Where are you in your Career?

Are you ready to Grow or Go?

I would like to discuss briefly about CAREER.

Think for a moment – where are you in your career? For most people in professional services, your business is your career, or the business of your employer frames your career. It is usually difficult to separate these so we talk tend to talk about them as interlinked. You are the business and the business is you.

At Covisory we like to think of the three phases of a career in professional services as:
• Build,
• Buy or sell and
• Harvest.

In our experience with clients this is much the same for law, accounting, consulting and so on and they are not always in sequence. I will come back to this theme in a moment, but firstly let’s think about planning horizons. We are 20% of the way through this century. Let’s look back to the future. In the early 1980s there were 8 major accounting firms and a myriad of small ones. In fact, the Prime Minister at that time was also an accountant. There were some career options for accounting and the top personal tax rate at that time was 66 cents in the dollar. The calculator was king.

So what has happened since then? Four big forces are driving change:

  • Industry consolidation – the big eight have become big 4, and in this process Arthur Anderson was obliterated and many small firms have disappeared. Accounting along with all professional services has become recognised as a business, with different business models being applied By way of example PwC have achieved scale with annual revenues here in Australia of some $2.6b
  • Technology continues to disrupt the way you work and also the future of work for your clients and you and your people. Technology has increasingly become a business in itself. Xero was founded in Wellington in 2006. Its market capitalisation today is over $12billion
  • Corporate roles have changed and expanded. The CFO has become elevated and seen as not just a control function within companies, but an integral part of management driving resource allocation. Corporates are poaching talent from CA firms.
  • Regulation will continue to impact on the profession.


So, the question I wanted you to ask of yourself is where am I in my life, my business and my career. Again in professional services, you and your professional colleagues are the business, so these questions are inter-related.

Let’s pick a date: 30 June 2025 it’s a Monday – where do you want to be?

Some questions which will help you focus on this are:

  •  Do you share the same values or philosophy of the people you work with
    • Work and life balance
    • Type or work/type of client
    • Income
  •  Does the practice have a plan?
    • If it does are you committed to it
    • Is it owned by your colleagues
    • Do you manage performance?
  •  Do you have the right mix of people around you?
    • Kotler talked to Finders, Minders, grinders and binders
    • Is the firm set up for the future

and the test - is this where you want to be and is it your plan?

At Covisory we think it’s helpful to use a farming analogy when thinking about the interlinkage between the firm and your career. I talked before of three phases

  • Build,
  • Buy or sell and
  • Harvest.


The Build stage – what sort of farm are you developing? 20 years ago, the decision was often dairy or beef farm. Where is the growth? How are you laying the foundations for the future? Is the firm expanding? Is the expansion profitable? Is the growth appealing to you? Also are you also pruning the business to grow?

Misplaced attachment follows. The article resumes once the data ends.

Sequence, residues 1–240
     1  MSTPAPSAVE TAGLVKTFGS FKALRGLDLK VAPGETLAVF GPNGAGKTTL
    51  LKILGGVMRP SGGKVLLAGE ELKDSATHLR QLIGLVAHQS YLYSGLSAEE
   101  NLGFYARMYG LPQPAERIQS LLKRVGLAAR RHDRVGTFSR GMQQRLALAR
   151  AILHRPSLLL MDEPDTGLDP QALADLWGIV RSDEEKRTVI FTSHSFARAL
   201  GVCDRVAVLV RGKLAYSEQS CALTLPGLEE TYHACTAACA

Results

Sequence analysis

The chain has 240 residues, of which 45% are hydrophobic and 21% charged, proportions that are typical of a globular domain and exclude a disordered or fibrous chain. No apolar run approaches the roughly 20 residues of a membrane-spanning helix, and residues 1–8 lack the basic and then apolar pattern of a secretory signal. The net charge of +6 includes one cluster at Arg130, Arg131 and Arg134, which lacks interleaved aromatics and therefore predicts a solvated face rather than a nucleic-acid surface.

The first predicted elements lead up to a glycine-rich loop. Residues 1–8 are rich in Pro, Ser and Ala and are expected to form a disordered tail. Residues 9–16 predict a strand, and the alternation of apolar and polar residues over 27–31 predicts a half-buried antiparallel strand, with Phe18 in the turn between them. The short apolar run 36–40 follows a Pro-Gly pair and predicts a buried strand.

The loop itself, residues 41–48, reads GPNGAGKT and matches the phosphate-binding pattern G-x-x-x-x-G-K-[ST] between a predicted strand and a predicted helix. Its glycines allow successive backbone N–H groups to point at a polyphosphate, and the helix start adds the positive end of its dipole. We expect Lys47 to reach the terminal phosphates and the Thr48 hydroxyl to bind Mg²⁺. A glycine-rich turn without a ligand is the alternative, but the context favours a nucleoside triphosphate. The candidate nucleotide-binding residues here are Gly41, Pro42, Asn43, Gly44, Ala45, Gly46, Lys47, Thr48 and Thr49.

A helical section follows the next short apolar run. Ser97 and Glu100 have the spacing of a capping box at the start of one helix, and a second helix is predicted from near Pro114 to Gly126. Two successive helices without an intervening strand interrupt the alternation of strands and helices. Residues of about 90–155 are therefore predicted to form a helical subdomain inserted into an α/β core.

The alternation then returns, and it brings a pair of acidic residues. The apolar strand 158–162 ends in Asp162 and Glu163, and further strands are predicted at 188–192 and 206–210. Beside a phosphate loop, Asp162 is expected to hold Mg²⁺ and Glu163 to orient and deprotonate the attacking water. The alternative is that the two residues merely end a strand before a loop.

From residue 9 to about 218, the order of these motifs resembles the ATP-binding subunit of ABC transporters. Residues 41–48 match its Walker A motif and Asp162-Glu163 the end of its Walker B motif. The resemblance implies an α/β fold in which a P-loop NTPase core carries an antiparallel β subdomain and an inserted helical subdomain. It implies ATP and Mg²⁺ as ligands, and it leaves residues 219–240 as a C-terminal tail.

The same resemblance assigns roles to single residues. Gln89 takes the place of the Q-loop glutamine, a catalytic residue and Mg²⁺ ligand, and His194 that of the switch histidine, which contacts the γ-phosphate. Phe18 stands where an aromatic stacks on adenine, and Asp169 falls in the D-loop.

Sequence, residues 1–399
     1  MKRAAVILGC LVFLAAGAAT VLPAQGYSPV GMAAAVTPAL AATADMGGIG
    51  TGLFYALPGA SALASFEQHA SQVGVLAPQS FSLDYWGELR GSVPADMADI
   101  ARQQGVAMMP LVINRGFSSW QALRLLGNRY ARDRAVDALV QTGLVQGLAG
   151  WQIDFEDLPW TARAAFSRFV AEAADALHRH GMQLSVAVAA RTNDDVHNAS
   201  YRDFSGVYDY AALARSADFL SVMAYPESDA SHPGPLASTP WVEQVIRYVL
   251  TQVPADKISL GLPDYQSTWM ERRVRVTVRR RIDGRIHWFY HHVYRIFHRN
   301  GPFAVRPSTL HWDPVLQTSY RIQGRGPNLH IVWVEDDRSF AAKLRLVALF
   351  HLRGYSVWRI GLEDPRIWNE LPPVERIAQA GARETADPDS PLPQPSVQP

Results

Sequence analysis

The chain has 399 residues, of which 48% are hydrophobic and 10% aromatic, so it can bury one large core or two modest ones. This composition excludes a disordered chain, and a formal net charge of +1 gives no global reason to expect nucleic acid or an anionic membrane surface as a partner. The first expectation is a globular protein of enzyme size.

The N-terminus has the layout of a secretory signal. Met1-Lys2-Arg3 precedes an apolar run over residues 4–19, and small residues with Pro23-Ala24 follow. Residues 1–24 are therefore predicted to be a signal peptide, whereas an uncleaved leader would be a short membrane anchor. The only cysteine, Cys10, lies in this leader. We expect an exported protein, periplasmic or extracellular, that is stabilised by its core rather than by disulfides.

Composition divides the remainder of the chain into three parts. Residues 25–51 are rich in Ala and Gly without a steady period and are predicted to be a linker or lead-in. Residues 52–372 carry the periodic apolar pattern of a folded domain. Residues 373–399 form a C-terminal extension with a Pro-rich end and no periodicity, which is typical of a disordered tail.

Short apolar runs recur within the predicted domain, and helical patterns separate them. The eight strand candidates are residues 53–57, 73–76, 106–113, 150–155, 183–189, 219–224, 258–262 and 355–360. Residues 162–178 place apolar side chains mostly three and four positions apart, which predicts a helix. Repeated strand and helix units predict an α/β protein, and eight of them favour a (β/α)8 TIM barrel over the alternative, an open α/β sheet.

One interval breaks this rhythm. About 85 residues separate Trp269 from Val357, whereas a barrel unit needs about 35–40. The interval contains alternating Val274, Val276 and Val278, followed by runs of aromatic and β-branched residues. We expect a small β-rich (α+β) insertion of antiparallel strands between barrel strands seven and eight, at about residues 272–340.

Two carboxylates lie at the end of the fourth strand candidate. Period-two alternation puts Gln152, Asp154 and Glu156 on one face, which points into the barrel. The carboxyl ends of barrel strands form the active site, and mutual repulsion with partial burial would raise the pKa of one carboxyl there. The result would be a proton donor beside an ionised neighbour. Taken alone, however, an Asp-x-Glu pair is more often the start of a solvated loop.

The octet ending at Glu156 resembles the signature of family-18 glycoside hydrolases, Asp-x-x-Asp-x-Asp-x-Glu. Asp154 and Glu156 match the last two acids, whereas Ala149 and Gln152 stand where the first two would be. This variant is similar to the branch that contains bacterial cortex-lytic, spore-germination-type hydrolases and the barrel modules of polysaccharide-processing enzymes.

Buy or sell – We like to look at this from the perspective of where value is and how it can be realised. The traditional view of sale is like selling the farm to retire but there are now more options to consider. For example, the changing aspirations in Gen X and Gen Y mean that some law firms find salaried partnerships have a higher uptake than equity partnerships – they don’t want to buy in and may not stay.

Looking objectively at some parts of a practice, some business could be sold to fund growth or you may have idling capacity that organic growth will not easily fill.

Working out your business model and how you maximise value is something we can assist you with to then determine a sales strategy and timeframe that works best for you.

Harvest – free cash flow that you can choose where you invest or spend. Key life cycle events here relate to family, schools as well as pre and post-retirement. Taking cash out of the business should enable you to diversify you interests.


Many of us have seen clients who have failed to plan. I don’t intend to talk about that. If planning doesn’t come naturally to you, talk to us and we can provide some structure.

At Covisory we work with both individuals and firms.

For individuals we offer a confidential service to help you assess where you are in your career, clarify your goals and determine where your talents are best applied and broadly how to get there.

For firms, we do the same thing but at a business level. This includes:

  • Practice health checks
  • Benchmarking
  • Strategy, people and structure
  • Action plan
  • Business growth
  • Profitability
  • Succession and development plans for staff
  • And/or recommended sales strategy
  • Practice valuations
  • Business sale
  • Internal dispute arbitration service.


We hope that this has given you some perspective on your career and future options for your business. We are happy to talk further if you need some help.

Prepared by Brian Freestone - our Covisory Sydney connection